Black Panther

By Rina Weaver

Black Panther is a stand-alone superhero film based on Stan Lee and Jack Kirby’s character Black Panther, whose origins are set in the fictional African nation of Wakanda. King T’Challa, the protagonist of The Black Panther, is a very sympathetic superhero. Whether or not he’s a superhero, this man, much like the actor who played him, exudes warmth and leadership. T’challa is a one-of-a-kind hero in the greatest possible way.

T’Challa is the King of Wakanda first and a hero second. T’Challa’s coronation ceremony is one of the first moments in the film. The Black Panther’s superhuman abilities are first removed from his body, rendering him a mere human being, according to the rite. The rival tribes are then asked if anyone wants to challenge him for the title of King. M’Baku, the Jabari tribe’s leader, challenges him. And they both fight for the right to be King. There’s no CGI, no sophisticated weaponry, and no meaningless flexing in this fight. The tone is solemn and serious. A human fight. M’Baku was a bit of a nuisance at this point. He’d talked down to T’Challa with arrogance, and he could have been a thorn in his side for years. Nevertheless,  T’Challa wanted M’Baku to yield because he cared about all Wakandans, not just those who backed him. That’s the mark of a true ruler! Despite his role as King of Wakanda, T’challa never let it get the best of him. Shuri jokingly bowed and referred to her brother as “my king” the first time she saw him following his coronation. T’challa, on the other hand, shrugged off tradition in favor of a friendly greeting. It was a sweet moment that demonstrated how his ascension to power will have no effect on his siblings’ relationship.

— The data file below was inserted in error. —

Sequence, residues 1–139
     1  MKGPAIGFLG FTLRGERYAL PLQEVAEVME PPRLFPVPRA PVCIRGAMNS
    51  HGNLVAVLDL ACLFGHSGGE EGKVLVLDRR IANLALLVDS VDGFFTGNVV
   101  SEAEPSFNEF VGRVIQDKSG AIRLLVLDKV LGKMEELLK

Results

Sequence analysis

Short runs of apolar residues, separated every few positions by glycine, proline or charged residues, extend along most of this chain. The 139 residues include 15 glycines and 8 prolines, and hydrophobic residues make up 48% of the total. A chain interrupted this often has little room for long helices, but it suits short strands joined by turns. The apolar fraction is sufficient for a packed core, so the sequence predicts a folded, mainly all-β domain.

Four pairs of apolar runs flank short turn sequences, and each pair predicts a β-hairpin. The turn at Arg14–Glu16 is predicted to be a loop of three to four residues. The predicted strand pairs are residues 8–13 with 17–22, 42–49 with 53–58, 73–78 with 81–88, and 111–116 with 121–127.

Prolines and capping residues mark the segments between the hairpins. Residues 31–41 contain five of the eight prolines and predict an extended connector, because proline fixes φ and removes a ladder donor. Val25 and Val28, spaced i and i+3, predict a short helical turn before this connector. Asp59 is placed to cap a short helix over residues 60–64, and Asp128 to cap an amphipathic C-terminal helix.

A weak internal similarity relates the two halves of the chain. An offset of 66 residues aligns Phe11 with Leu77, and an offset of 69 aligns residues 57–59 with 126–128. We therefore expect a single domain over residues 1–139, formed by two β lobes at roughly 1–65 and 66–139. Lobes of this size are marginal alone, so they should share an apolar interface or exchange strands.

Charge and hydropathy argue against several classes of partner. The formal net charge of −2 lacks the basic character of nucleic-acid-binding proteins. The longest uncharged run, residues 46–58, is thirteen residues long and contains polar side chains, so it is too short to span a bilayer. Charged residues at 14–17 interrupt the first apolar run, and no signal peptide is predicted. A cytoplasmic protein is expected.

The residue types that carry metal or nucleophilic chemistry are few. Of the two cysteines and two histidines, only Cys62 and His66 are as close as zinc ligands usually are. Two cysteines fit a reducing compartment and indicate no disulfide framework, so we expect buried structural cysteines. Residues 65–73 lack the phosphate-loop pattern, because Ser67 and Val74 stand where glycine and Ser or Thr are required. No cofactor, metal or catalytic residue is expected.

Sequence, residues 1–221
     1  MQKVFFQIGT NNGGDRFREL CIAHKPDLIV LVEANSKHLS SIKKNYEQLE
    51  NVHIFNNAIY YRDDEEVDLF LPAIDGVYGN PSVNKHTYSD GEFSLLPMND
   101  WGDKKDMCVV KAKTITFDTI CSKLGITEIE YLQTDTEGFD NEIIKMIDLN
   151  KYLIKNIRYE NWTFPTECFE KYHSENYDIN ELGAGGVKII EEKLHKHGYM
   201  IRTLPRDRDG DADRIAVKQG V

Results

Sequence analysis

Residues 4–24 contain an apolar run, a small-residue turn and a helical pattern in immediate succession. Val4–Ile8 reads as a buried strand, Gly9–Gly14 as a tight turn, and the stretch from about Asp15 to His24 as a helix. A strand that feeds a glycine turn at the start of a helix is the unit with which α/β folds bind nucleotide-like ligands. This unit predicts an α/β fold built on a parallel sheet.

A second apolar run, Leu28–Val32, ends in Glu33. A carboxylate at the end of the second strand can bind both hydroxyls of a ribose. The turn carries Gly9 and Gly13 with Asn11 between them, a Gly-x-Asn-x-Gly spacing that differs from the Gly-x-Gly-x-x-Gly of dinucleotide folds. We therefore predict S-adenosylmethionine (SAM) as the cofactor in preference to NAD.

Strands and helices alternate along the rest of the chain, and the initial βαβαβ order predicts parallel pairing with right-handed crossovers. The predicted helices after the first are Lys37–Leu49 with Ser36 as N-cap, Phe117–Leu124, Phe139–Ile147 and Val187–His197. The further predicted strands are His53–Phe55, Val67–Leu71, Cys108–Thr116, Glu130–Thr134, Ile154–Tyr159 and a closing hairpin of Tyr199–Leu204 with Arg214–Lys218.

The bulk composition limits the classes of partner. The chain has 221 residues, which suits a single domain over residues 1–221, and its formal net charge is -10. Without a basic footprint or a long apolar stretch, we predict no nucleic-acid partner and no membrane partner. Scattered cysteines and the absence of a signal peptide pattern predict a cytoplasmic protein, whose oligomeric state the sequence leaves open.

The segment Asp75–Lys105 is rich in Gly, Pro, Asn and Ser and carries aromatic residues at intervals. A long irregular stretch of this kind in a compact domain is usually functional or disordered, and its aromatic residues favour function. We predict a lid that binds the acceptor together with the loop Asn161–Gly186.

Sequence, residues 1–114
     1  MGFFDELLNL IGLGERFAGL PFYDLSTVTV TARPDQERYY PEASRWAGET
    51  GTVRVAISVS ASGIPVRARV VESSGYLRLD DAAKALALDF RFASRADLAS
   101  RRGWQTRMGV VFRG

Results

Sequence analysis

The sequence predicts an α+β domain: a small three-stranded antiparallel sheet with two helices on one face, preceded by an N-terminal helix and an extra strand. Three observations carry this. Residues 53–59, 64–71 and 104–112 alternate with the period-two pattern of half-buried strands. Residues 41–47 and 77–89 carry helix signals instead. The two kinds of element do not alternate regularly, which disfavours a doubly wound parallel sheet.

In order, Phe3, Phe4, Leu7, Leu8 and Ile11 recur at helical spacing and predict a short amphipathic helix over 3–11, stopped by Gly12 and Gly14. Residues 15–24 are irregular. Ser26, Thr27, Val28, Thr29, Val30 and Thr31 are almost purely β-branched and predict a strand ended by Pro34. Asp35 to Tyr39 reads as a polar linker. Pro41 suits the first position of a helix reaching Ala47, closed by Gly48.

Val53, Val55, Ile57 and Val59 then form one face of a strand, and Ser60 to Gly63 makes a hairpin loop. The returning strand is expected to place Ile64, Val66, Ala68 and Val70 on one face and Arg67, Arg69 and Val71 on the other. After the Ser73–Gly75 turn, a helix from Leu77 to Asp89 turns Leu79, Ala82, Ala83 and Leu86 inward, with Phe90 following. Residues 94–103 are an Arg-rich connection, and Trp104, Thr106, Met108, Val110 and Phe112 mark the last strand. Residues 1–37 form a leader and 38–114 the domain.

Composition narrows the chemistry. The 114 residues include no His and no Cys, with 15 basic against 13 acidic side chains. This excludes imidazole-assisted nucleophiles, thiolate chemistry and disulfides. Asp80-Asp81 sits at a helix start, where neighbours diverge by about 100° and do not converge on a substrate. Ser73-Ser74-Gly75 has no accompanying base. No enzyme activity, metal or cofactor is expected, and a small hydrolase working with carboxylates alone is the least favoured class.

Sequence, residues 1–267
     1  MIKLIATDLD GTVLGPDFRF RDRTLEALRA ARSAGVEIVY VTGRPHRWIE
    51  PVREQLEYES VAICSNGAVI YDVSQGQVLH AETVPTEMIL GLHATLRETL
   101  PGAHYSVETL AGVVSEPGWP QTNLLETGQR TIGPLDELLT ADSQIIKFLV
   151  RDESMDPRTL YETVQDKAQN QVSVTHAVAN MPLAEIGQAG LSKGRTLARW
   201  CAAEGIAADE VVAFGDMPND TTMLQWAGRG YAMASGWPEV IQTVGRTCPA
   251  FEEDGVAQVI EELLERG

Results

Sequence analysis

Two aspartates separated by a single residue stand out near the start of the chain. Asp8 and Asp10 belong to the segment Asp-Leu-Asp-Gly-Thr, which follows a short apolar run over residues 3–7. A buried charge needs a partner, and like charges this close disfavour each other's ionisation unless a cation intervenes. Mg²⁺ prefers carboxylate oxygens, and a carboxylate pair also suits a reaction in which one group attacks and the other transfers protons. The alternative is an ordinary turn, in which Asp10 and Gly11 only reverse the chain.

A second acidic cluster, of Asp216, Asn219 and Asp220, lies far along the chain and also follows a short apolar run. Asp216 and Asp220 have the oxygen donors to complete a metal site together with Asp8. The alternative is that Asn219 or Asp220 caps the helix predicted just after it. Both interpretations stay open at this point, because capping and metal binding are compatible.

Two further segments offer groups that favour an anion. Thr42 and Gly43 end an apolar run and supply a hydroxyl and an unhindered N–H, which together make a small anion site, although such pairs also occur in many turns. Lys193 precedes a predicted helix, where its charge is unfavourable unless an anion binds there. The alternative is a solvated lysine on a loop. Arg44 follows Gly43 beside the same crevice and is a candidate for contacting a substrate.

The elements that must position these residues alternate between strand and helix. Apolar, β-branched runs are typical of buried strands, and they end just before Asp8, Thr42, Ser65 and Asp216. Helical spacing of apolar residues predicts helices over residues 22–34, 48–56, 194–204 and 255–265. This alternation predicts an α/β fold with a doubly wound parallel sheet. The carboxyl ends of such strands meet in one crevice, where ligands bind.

Rarely does a villain in the Marvel Cinematic Universe possess such depth that Killmonger does. He serves as a model for future supervillains. Killmonger’s wrath over the degradation of his race, appropriation of his culture, and the history of Black Americans is relevant and elevates the concept of a sympathetic villain to a new level, unlike many others who have pretty absurd/formulaic causes. T’challa accepted Killmonger’s challenge since he knew it was his cousin’s right. The Queen Mother wanted Killmonger sent out when he was hell-bent on claiming the throne. T’Challa, on the other hand, understood that Killmonger, as the son of a royal, had every right to seek a challenge. T’Challa could have simply followed his mother’s advice and had his cousin escorted out by the guards, but he chose to honor the Wakandan way, even if it meant jeopardizing his life. After T’Challa stabbed Killmonger, he fulfilled his uncle’s promise to show Killmonger the brilliance of a Wakandan sunset.  When Killmonger ingested the heart-shaped herb, he was taken back to his former apartment in Oakland with his father. His father claimed that the sunsets in Wakandan were the most beautiful in the world. Rather than abandoning his cousin on the train tracks, T’Challa attempted to atone for his father’s misdeeds by fulfilling his uncle’s vow. Even after all of Killmonger’s nonsense, T’Challa offered to heal his cousin after he stabbed him. This moment showcased the strength of T’Challa’s character. Just a few minutes ago, Killmonger was trying to kill him, but the king offered to save his life! He recognized his cousin was just a product of his environment—one created by his own father—and didn’t blame him for that.